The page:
An ultimate goal of modern cataract surgery, beside the restoration of good distance visual acuity, is to restore accommodation1 to enable good intermediate and near visual acuity. Age-related changes that result in hardening of the lens nucleus and cortex are considered by many to be important factors in the development of presbyopia.2–4
Among various surgical procedures to restore accommodation after the onset of presbyopia, replacement of the contents of the capsular bag of the crystalline lens by a flexible polymer was the earliest method proposed. This technique has been given the name lens refilling or phaco-ersatz.5,6 Surgery involves removal of the lens nucleus and cortex through a small capsule opening followed by injection of polymer to refill the capsular bag. The technique has been studied in pig eyes, rabbit eyes, and rhesus monkey eyes.7–9 For in vivo experiments, before human lens-refilling studies, rhesus monkeys were the most suitable animal model because their accommodative mechanism is similar to that of humans10–12 and they develop presbyopia over an age course similar to that of humans.12,13
After the capsular bag is refilled with a synthetic polymer, the development of capsule opacification may cause a decrease in vision. Capsule opacification is caused by a migration, proliferation, and transformation of remaining lens epithelial cells (LECs) that still reside inside the capsular bag after lens surgery.14 Several methods to prevent capsule opacification have been presented in the literature. These include optimizing design parameters of the implanted intraocular lens (IOL),15,16 methods of surgery,17 and the application of chemical agents inhibiting cell adhesion,18 migration, and proliferation, including antiinflammatory and cell death–inducing agents.19–23
For lens refilling, the application of chemical agents could be promising because other methods do not eradicate all LECs. In 2006, Koopmans et al.24 described lens-refilling experiments in young adolescent rhesus monkeys. To prevent the development of capsule opacification, a solution of actinomycin-D and cycloheximide was mixed with sodium hyaluronate to create a chemically active ophthalmic viscosurgical device (OVD). This substance was left in the capsular bag for 5 minutes. After the chemically active sodium hyaluronate was removed, the lens capsule was refilled with a silicone polymer. The choice for a chemically active sodium hyaluronate containing actinomycin-D and cycloheximide was based on cell culture experiments and rabbit implantations.25,26 Despite this treatment of the capsular bag, the initial accommodative amplitude of the monkey eyes decreased during the follow-up, and it was coincident with an increase in capsule opacification. Opacification of the lens capsule is thought to coincide with stiffening of the lens capsule.14 Because lens-refilling surgery is intended to restore long-lasting accommodation, the occurrence of capsule opacification and stiffening should be prevented effectively and permanently.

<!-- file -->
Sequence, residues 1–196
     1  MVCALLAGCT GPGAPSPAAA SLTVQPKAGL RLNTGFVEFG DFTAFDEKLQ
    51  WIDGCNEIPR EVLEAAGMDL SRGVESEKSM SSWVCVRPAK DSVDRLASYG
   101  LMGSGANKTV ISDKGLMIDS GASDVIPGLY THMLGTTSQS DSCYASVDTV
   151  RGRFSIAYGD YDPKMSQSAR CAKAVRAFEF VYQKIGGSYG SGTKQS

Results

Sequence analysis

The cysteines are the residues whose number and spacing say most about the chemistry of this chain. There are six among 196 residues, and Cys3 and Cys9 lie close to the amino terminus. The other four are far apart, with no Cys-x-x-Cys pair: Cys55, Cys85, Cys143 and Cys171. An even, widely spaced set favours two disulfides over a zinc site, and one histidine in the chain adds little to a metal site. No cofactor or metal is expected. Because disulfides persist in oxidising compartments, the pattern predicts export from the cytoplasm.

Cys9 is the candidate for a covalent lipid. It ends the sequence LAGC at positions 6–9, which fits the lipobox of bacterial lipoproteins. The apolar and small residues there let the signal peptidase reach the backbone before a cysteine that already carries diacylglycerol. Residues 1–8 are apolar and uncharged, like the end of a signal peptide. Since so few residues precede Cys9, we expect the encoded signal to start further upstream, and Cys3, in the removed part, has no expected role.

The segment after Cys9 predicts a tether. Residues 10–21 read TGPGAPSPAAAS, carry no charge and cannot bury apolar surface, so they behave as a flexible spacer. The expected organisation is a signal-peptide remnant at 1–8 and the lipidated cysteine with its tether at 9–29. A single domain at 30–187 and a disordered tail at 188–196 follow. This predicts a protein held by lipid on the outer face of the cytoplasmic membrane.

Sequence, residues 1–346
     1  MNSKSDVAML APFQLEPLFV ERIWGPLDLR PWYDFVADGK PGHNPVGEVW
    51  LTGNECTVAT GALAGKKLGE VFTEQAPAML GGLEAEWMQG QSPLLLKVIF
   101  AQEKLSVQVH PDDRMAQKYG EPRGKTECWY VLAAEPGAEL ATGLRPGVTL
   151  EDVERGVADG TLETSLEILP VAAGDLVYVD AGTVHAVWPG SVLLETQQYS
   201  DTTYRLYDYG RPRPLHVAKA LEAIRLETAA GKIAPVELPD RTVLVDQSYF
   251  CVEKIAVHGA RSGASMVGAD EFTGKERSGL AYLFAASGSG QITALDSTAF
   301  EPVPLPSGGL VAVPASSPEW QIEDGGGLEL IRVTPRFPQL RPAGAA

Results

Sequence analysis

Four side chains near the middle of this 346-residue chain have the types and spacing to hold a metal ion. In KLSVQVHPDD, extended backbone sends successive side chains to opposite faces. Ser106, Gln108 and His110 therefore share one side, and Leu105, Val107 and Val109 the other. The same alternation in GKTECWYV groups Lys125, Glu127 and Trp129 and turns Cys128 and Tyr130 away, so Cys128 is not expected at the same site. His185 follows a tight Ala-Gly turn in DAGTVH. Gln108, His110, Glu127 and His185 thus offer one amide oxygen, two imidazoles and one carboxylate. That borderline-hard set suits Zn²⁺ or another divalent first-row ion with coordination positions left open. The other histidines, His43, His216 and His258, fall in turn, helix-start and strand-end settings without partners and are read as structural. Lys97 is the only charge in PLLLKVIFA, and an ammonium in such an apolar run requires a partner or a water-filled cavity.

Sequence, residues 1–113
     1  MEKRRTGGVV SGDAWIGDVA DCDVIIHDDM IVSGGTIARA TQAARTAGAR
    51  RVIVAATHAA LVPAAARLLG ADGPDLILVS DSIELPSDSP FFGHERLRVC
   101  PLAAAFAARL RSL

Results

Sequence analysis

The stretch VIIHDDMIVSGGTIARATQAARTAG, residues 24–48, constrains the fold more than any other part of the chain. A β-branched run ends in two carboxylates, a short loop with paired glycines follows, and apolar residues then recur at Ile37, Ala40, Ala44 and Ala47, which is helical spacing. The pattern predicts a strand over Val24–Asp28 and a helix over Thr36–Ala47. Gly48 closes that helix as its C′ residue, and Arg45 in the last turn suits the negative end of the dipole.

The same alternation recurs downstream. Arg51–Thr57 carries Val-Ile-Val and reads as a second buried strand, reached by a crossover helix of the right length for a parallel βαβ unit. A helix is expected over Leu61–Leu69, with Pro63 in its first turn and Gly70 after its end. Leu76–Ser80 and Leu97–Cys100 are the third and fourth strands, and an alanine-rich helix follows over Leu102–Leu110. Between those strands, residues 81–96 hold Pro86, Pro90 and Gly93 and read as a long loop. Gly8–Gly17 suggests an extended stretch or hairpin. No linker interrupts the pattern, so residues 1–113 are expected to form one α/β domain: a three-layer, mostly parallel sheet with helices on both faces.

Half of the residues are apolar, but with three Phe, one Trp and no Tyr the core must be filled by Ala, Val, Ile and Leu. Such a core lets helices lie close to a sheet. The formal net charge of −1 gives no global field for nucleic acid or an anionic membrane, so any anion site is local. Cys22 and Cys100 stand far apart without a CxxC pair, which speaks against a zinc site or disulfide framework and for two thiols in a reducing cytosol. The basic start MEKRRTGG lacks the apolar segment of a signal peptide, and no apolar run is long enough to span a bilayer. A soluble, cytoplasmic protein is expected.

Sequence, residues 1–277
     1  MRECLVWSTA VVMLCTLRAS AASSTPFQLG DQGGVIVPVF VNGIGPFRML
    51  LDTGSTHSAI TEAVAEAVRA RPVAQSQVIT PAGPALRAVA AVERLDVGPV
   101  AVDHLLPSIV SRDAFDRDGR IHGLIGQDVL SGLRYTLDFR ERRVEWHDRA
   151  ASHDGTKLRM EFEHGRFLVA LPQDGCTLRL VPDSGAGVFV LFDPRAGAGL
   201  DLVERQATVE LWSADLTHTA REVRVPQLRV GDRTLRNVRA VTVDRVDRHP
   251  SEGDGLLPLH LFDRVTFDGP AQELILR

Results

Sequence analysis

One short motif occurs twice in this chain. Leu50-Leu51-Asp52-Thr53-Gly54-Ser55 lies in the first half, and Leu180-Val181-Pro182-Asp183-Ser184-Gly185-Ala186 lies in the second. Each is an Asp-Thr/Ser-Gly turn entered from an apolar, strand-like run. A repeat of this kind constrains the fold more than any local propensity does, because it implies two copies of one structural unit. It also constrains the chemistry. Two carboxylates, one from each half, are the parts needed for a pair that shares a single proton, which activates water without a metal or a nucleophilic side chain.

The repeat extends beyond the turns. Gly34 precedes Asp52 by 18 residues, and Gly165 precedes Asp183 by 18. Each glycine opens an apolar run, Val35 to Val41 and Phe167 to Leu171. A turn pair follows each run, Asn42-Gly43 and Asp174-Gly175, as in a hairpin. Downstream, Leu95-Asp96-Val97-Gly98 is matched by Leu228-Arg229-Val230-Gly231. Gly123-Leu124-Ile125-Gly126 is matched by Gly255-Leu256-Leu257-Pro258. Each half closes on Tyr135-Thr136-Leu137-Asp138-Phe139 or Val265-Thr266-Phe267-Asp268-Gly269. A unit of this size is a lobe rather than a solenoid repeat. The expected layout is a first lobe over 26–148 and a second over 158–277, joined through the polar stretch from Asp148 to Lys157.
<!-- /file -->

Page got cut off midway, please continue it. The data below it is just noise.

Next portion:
To improve the efficacy of the prevention of capsule opacification, several strategies are possible. One of them is the use of chemical substances other than actinomycin-D or cycloheximide to induce death of LECs. To predict which substance is most promising for the prevention of capsule opacification, the results of cell-culture experiments may be helpful.26 Another possible strategy is the use of a material other than a silicone polymer for refilling the lens. Physicochemical properties of a material implanted in the capsular bag may directly influence the behavior of the surrounding LECs, and the choice of a more suitable material might reduce the incidence of capsule opacification.27
Earlier experiments with lens refilling using actinomycin-D and cycloheximide showed differences in capsule opacification between rabbits and rhesus monkeys. In a study of rabbit eyes,25 completely clear lens capsules were observed in some animals whereas capsule opacification developed in all rhesus monkeys.24 Given this different outcome in rabbits and rhesus monkeys, we decided that for testing new ways to prevent capsule opacification, a new strategy could best be tested in a pilot study using the rhesus monkey model because this model mostly resembles the human situation.
The present study tested 2 strategies to improve the prevention of capsule opacification after lens-refilling surgery in rhesus monkeys. Due to ethical considerations, treatment variables were studied in individual animals only. Results in our previous study of rhesus monkeys using similar methods24 were included to enable a statistical analysis.
As a first strategy, chemical substances other than an actinomycin-D and cycloheximide combination were used. The substances were selected based on the outcomes of cell-culture experiments. The substances were dissolved in a noncommercial sodium hyaluronate 1.0% solution before gelation and injected in the lens capsular bag; this was followed by refilling the lens capsule with a silicone polymer.
As a second strategy to study the effect of the lens-refilling material on the development of capsule opacification, clinically used sodium hyaluronate (Healon [sodium hyaluronate 1.0%]) was used to fill the lens capsule. Although Healon does not have suitable refractive properties to be used as a lens-replacement material, a study by Gwon and Gruber28 showed that sodium hyaluronate influences the behavior of proliferating LECs to grow in a more regular natural pattern.
After enucleation and before fixation for confocal microscopy, high-resolution magnetic resonance imaging (MRI) images (micro MRI) of the anterior segment were obtained to study the shape and amount of refilling of the lenses.29
In a lens-refilling study in 2006, Koopmans et al.24 did not observe clinically visible damage to structures in the rhesus monkey eye due to treatment of the capsular bag with chemically active sodium hyaluronate; however, detailed microscopic analysis was not performed. Therefore in this study, the corneas of the eyes in which the lens capsular bag had been treated with chemically active substances were studied with confocal microscopy to determine potential corneal endothelial cell damage.